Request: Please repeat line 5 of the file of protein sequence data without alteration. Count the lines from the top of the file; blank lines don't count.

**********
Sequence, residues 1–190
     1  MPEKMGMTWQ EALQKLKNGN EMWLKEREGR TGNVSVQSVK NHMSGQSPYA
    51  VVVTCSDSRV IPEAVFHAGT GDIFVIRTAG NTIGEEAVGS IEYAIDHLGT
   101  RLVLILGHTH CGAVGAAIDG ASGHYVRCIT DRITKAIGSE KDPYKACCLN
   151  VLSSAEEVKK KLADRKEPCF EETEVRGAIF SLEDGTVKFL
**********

   151  VLSSAEEVKK KLADRKEPCF EETEVRGAIF SLEDGTVKFL